"Palazzo Barberini, Triton & Api Fountain In Piazza Barberini, Rome" submitted by RomeTour Editorial Team and last updated on Friday 3rd June 2011
The original name of this square was "Piazza Grimana", taken from cardinal Grimani, who's vine-yards and villa were in this zone. When the Barberini acquired their palace here, the square's name changed. While the first one is still in the middle of Piazza, the Fountain of the Bees (heraldic symbol of the Barberini) was demolished after 1870 to give way for the traffic of Via Sistina. Palazzo Barberini was designed by Maderno and built on the site of the previous Villa Sforza, for Matteo Barberini, who became pope with the title of Urban VIII. On Maderno’s death in 1629, Gian Lorenzo Bernini took control of construction. The fountain of the Api (Bees) was built in1644 by Gian Lorenzo Bernini. Triton Fountain was commissioned by Urban the Eighth Barberini (1623-1644) and built by Gian Lorenzo Bernini between the end of 1642 and the first half of 1643.
The original name of this square was "Piazza Grimana", taken from cardinal Grimani, who's vine-yards and villa were in this zone. When the Barberini acquired their palace here, the square's name changed. The new owners ordered G.L.Bernini two fountains: Fontana del Tritone and Fontana delle Api (1642-1644). While the first one is still in the middle of Piazza, the Fountain of the Bees (heraldic symbol of the Barberini) was demolished after 1870 to give way for the traffic of Via Sistina. It was reconstructed in 1920 on the angle of the square and Via Veneto. Here Palazzo Barberini is a palace in Rome, facing the piazza of the same name in Rione Trevi and is home to the Galleria Nazionale d'Arte Antica.
Piazza Barberini occupies the area of the ancient circus of Flora, where floral games took place in May to celebrate springtime. Placed in a depression and inhabited already in the first centuries of the empire, it filled with villas and gardens during the 16th century. With the strada Felice (today Via Sistina) it became an urban space and between the last decade of the 19th century and the first of the 20th century, it took a modern look thanks to the opening of the Via Veneto and the Via Regina Elena, now Via Barberini. It is one of the nerve centres of the city. The square owes its name to Palazzo Barberini, here located. At its centre is the beautiful Fontana del Tritone by Gian Lorenzo Bernini (1632-37). More details: Palazzo Barberini - National Gallery of Ancient Art
The fountain was commissioned by Urban the Eighth Barberini (1623-1644) and built by Gian Lorenzo Bernini between the end of 1642 and the first half of 1643. It is sculpted in travertine blocks. Four dauphins emerging from the centre of the pond with their mouths open and their tails intertwined support a huge two-valve shell. Two papal coats of arms of Urban the Eighth are placed on the tails of the dauphins.
The figure of a triton stands above the shell, clenching its two valves in his powerful hands,with his head bent backwards in the act of blowing in a buccina (Roman horn) held upwards with both arms that pours water.The work is a celebration of the Barberini family connected with the palace lying behind it. It enhanced the square that still had a “suburban” appearance on the edge of the main road Strada Felice (today Via Sistina and Via delle Quattro Fontane), as shown in prints of the time. Life around the fountain was very lively, to the extent that many foreign artists chose to have their residence in the surroundings of Piazza Barberini at the beginning of the past century.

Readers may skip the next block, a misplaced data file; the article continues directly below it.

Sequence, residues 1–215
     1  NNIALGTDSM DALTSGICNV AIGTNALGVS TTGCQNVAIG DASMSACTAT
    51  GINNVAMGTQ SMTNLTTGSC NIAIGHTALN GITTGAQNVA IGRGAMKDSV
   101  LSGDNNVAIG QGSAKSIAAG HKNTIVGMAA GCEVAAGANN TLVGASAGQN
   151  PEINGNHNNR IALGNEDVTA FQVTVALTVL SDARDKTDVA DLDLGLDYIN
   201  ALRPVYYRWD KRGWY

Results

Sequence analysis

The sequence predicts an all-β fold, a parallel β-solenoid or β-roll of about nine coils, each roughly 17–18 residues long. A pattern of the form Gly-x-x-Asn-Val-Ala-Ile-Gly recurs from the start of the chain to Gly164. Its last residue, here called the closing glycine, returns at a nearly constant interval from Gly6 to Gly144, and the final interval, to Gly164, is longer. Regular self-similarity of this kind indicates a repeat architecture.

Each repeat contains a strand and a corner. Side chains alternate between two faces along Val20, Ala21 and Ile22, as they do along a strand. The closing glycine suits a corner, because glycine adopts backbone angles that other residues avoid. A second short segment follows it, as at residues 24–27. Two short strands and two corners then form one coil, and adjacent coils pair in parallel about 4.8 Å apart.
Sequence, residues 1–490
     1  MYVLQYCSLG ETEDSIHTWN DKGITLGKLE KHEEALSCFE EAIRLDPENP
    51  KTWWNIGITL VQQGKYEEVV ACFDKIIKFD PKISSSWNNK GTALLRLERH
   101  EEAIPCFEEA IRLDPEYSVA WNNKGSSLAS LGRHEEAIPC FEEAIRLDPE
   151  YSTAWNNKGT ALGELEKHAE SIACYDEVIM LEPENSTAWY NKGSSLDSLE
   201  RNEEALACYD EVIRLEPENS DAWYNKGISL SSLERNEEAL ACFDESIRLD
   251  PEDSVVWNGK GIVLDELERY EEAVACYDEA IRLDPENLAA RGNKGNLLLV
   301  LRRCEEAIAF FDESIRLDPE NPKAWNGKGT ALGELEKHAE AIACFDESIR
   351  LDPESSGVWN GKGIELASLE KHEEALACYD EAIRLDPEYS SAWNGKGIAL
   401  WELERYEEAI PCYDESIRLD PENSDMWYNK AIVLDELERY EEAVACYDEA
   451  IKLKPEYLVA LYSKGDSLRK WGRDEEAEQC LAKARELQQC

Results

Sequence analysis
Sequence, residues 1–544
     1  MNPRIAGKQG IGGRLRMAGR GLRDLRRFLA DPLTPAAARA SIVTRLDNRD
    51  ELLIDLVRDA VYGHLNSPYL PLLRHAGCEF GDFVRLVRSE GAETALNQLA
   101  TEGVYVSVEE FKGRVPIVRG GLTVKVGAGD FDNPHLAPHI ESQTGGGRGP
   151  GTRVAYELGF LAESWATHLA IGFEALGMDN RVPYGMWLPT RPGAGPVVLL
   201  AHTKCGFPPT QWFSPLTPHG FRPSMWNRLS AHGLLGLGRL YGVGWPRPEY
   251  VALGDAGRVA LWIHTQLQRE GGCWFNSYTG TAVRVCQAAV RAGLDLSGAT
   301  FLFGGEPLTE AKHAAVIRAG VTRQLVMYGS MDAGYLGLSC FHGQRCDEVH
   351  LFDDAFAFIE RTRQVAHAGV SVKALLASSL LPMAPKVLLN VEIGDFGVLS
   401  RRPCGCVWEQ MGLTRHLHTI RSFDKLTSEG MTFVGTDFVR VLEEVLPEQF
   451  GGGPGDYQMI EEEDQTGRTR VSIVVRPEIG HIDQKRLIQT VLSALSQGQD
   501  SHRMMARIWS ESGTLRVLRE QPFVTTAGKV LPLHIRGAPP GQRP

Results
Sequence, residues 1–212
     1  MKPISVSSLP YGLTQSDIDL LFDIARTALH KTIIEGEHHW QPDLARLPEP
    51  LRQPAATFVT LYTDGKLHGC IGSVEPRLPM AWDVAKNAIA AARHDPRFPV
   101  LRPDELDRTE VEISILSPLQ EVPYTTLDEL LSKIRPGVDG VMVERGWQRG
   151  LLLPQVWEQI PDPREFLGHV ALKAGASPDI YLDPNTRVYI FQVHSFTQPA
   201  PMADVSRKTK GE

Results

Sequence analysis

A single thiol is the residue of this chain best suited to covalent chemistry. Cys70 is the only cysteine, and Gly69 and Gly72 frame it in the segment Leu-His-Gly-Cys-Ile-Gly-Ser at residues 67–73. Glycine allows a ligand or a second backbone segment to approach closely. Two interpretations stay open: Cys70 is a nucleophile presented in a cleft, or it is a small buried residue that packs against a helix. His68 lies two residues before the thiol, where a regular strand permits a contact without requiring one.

The fountain of the Api (Bees) was built in1644 by Gian Lorenzo Bernini. It was originally situated at the corner between Via Felice (today Via Sistina) and Piazza Barberini, and leaned against the small palace owned by Nicolò Soderini. It was used to water the horses, using the water drained from the nearby fountain of the Triton, of which it became a sort of appendage.
The fountain was demolished for traffic requirements in 1865 and its fragments were deposited in the depots of the Municipality, where they remained for several decades. In 1915 it was rebuilt by Adolfo Apolloni, sculptor and Spokesman for the Fine Arts of the Municipality of Rome, at the corner of Via Veneto, no longer leaning against the building, but isolated and supported by travertine blocks. The original fountain by Bernini consisted of a large shell with the valves open. One was horizontal and acted as a basin, while the other leaned against the corner of palazzo Soderini and bore an inscription dedicated to Urban the Eighth Barberini (1623-1644).
Three bees, symbol of the Barberini family, placed on the upper part of the hinge poured water. The modern reconstruction has greatly altered the appearance of the monument. It consists of a lower part with a round and channelled basin that is modern, like the upper valve. The only fragment of the fountain by Bernini that survives is one of the bees. Furthermore, travertine resulting from the demolition of Porta Salaria was used for the work, instead of the original marble from Luni. The inscription was put together by D’Onofrio. It says: “Il Sommo Pontefice Urbano VIII, costruita una fontana a pubblico ornamento dell’Urbe, a parte fece fare questo fontanile per uso dei cittadini nell’anno 1644, ventunesimo del suo pontificato” (The Supreme Pontiff Urban the Eighth, after building a fountain for the public decoration of the Eternal City, built this separate fountain for the use of the citizens in the year 1644, the twentieth of his papacy).
Location, Contact and other details about Palazzo Barberini, Fontana del Tritone & delle Api (Triton & Api Fountain); Visit: National Gallery of Ancient Art of Barberini PalaceAs you visit 'Palazzo Barberini, Triton & Api Fountain In Piazza Barberini, Rome' you may also like following articles . . .